1. You need to have a good grasp of "statics" and be able to draw free body
diagrams and follow load paths thru a structure.
2. You need to be able to translate analyses into construction drawings.
This is often a "weak link" for recent graduates since schools do not teach
this very well. If you can get a set of structural construction drawings
from an actual project, it would help to study the drawings to see if you
can follow the sequence and details of construction. And if you can get
architectural, mechanical, and electrical drawings as well, you can see how
different disciplines interrelate on a project.
3. You need to be able to function using both computers and manual methods.
Don't get into the habit of doing "everything" on the computer. Learn when
computers are most effective vs when manual methods are most effective.
4. When doing computer analyses, you need to be able to determine whether
the results are "reasonable". I recommend looking at various output from a
structural analysis program, especially including deflections and
deformations of a structure to see how a structure reacts to the applied
loads. Often errors can be found when the structure does not "behave" the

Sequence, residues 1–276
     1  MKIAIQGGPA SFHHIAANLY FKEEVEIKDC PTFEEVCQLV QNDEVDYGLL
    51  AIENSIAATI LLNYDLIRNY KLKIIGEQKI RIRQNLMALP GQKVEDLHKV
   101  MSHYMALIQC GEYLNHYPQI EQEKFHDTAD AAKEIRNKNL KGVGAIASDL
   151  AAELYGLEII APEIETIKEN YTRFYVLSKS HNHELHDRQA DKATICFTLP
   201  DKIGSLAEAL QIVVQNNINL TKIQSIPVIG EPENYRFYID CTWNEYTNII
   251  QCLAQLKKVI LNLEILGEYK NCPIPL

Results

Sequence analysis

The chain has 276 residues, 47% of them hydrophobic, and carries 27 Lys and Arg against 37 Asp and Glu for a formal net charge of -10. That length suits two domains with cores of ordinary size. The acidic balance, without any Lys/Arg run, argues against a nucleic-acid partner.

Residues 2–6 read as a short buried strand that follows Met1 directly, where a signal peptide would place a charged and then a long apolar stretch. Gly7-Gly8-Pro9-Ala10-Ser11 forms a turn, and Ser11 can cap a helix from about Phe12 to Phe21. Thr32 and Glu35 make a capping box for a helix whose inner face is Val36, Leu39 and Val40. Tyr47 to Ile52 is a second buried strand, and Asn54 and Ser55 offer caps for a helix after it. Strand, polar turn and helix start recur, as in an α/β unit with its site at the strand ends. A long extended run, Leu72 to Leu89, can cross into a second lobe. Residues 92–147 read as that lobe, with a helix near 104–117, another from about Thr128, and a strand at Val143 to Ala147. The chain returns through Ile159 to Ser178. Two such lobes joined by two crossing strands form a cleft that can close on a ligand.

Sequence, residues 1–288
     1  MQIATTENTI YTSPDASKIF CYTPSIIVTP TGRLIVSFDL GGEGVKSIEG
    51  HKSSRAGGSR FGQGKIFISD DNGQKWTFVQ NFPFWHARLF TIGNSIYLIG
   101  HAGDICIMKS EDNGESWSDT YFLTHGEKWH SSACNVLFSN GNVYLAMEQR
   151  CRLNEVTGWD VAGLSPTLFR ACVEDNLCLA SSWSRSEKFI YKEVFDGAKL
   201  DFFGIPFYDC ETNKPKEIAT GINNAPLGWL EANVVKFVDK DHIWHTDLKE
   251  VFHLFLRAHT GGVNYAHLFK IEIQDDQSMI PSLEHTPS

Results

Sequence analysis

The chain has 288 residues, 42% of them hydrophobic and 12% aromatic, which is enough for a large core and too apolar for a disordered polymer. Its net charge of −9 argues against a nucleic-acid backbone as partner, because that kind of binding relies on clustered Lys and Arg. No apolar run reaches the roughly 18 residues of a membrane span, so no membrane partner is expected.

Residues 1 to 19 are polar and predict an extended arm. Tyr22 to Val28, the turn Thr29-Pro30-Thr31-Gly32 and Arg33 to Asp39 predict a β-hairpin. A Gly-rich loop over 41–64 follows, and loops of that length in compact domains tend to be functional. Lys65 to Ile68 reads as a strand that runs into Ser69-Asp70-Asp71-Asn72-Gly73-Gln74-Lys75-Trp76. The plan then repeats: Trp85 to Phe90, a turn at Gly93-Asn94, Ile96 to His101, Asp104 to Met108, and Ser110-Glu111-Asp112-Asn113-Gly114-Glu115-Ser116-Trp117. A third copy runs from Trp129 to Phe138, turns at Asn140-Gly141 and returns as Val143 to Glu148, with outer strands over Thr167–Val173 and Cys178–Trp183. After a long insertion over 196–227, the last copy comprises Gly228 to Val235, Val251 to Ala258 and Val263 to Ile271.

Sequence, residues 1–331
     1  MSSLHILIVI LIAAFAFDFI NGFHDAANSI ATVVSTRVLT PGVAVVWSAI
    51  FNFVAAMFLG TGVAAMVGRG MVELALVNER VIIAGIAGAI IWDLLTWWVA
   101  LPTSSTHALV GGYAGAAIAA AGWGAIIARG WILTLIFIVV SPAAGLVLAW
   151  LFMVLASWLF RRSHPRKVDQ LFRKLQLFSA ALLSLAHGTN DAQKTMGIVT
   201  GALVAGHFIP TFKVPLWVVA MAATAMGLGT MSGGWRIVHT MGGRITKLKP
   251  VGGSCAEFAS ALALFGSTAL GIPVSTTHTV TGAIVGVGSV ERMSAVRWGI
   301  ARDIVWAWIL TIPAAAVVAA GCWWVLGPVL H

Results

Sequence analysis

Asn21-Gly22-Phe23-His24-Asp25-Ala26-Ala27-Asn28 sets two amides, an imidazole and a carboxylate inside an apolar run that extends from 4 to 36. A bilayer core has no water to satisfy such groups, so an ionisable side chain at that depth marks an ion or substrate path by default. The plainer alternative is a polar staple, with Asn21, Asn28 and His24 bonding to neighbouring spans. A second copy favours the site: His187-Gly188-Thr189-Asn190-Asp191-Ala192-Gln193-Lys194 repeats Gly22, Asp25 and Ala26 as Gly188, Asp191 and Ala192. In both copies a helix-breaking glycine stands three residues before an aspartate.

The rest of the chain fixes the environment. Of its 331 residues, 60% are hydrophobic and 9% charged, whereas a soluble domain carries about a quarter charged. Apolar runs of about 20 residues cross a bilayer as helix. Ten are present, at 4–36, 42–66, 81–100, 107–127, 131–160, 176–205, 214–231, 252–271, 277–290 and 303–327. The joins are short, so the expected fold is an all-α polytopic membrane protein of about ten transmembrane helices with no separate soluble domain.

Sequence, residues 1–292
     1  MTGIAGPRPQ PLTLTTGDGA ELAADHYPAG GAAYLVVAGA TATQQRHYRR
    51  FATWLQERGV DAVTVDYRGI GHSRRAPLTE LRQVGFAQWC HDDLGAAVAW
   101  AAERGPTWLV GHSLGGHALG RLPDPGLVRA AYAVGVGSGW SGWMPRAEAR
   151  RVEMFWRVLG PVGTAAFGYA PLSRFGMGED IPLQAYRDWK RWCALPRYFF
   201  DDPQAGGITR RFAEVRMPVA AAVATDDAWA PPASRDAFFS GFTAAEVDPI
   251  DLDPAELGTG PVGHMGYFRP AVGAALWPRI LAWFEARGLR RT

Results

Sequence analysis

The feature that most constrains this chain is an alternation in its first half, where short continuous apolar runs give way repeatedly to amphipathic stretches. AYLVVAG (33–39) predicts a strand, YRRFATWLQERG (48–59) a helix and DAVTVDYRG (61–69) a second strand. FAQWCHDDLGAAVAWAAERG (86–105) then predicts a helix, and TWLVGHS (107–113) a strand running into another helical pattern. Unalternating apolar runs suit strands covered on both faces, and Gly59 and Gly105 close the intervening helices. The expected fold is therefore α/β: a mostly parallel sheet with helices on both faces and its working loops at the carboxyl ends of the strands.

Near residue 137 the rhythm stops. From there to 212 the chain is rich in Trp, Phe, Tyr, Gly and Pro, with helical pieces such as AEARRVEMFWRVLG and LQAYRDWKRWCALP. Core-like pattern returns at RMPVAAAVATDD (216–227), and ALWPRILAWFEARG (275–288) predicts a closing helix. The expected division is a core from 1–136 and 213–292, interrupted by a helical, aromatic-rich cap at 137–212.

way you would expect it to. Also view plots of the input, moments, etc.
Don't just assume that the output is correct.
5. You should be able to review work done by someone else and be able to
"critique" it, i.e. note where there are errors, omissions, or
6. And you need to be able to communicate with others effectively.
> -----Original Message-----
> From: Karma Yonten [mailto:kyonten(--nospam--at)seas.gwu.edu]
> Sent: Friday, April 27, 2001 10:47 AM
> To: seaint(--nospam--at)seaint.org
> Subject: advice
> Hello there,
> I'm a structural engineering student at GWU; I got my B.S. in
> physics, and I don't have much background in S.E. par se.
> What makes a good
> structural engineer, that is, what kind of tool and skill
> must you have? I'm
> studying a lot of theories, and that's what I've been doing
> all my life, but
> theories without applications seem pointless, and I've been
> quite frustrated
> with that. Studying is one thing and applying is quite
> another; they go
> together, but it doesn't mean that if you're good at
> theories, you'll be good
> at applying them because in reality there are a lot of things
> that you have to
> consider that studying theories often don't give you that
> experience. I'm
> interested in all aspects of structural engineering,
> designing, analysis etc.
> What are some of the good tools that you use daily, that I
> need to be familar
> or even have expertise on if I seriously thing about pursuing
> this career? I
> would be grateful if you could pass down some advice to a perspective
> structural engineer.
> Thanking you.
> Karma Yonten
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